Probable, possible, likely are comparable when they mean not now certain but such as may be, or may become, true, real, or actual.
Something probable has so much evidence in its support or seems so reasonable that it commends itself to the mind as worthy of belief, though not to be accepted as a certainty; thus, the most probable conclusion from evidence at hand is the one which the weight of evidence supports even though it does not provide proof; the probable thief is the one at whom so much of the evidence points as to give grounds for a presumption that he is guilty; the ” probable life” of a person, in the language of actuaries, is the period during which one half the persons of a given age at a given time will remain alive according to mortality tables.
Something possible is within the powers of performance, attainment, or conception of an agent or agency, especially a human agent or which is within the widest limits of a person’s ability or a thing’s.capacity as determined by nature, necessity, or circumstances or which, though not probable, may happen by chance or is dependent on a contingency.
Something likely (see also APT 2 ) is to all appearances as alleged, suggested, or required; in contrast with probable, likely does not as often or as definitely suggest grounds sufficient to warrant a presumption of truth, but in contrast with possible, it usually implies many more chances in favor of its being true or coming about; thus, the probable murderer is the suspect whose guilt is nearly but not completely established by the evidence; a possible murderer is merely one against whom suspicion is directed for some reason, or one known to have had opportunity; the likely murderer is the one among the possible murderers who, especially from a more or less superficial point of view, has had the strongest motive and the best opportunity, or toward whom the circumstantial evidence most distinctly points as the murderer.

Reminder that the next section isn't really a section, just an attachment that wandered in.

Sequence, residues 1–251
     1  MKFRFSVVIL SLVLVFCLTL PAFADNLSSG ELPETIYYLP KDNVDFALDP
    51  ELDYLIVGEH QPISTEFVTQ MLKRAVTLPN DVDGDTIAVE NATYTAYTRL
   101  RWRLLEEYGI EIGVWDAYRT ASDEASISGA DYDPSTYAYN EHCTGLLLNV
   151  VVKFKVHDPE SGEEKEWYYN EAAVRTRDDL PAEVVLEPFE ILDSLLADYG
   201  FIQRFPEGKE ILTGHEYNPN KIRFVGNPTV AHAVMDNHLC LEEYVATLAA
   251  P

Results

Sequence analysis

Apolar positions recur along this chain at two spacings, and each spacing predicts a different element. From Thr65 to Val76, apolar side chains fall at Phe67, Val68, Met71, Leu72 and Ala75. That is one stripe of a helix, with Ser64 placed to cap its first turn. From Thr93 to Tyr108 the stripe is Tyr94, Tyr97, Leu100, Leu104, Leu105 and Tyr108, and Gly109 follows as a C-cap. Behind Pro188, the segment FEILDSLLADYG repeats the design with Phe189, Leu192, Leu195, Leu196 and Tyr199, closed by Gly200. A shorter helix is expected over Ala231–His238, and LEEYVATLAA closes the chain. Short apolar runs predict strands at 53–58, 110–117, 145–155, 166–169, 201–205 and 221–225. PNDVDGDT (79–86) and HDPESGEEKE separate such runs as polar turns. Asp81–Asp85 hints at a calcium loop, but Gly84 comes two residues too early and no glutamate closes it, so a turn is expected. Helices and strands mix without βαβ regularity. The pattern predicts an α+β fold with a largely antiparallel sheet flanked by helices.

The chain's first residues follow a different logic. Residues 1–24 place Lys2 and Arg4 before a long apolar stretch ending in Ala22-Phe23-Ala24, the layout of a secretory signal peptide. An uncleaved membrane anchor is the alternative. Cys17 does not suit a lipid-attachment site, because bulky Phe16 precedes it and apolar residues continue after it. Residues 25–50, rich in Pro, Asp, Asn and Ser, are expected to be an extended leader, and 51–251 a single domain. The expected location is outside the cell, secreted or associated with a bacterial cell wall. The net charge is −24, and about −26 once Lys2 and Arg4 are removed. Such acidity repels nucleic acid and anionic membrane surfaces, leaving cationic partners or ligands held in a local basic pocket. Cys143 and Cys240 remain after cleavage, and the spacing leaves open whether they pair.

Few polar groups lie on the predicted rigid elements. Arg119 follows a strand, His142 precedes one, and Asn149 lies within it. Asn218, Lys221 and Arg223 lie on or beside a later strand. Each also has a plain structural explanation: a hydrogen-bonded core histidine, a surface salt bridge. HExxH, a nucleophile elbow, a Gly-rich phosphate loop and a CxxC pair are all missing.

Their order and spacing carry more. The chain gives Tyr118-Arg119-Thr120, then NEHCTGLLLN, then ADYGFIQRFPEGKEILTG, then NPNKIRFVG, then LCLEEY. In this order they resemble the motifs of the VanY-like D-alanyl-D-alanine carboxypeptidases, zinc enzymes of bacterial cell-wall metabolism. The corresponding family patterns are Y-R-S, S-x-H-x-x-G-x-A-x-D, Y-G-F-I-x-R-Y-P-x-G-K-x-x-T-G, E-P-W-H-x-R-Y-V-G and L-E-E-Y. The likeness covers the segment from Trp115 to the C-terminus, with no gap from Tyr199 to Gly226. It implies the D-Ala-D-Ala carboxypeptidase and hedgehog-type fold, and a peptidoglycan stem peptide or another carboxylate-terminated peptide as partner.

Likely is also often used in the sense of promising because of appearances or ability to win favor nd sometimes in that of suitable because of apparent fitness or adaptation to some end.